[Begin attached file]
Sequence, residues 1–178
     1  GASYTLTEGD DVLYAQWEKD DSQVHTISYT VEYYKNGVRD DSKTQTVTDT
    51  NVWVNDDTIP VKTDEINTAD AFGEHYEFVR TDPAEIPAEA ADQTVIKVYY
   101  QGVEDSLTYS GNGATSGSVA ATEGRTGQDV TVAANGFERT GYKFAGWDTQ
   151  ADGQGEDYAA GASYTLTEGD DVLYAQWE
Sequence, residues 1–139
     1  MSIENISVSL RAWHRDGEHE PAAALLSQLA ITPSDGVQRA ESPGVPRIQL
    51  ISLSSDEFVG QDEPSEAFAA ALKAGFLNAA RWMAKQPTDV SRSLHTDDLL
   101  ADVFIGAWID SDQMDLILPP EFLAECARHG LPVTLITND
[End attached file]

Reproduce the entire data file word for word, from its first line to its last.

Sequence, residues 1–178
     1  GASYTLTEGD DVLYAQWEKD DSQVHTISYT VEYYKNGVRD DSKTQTVTDT
    51  NVWVNDDTIP VKTDEINTAD AFGEHYEFVR TDPAEIPAEA ADQTVIKVYY
   101  QGVEDSLTYS GNGATSGSVA ATEGRTGQDV TVAANGFERT GYKFAGWDTQ
   151  ADGQGEDYAA GASYTLTEGD DVLYAQWE
Sequence, residues 1–139
     1  MSIENISVSL RAWHRDGEHE PAAALLSQLA ITPSDGVQRA ESPGVPRIQL
    51  ISLSSDEFVG QDEPSEAFAA ALKAGFLNAA RWMAKQPTDV SRSLHTDDLL
   101  ADVFIGAWID SDQMDLILPP EFLAECARHG LPVTLITND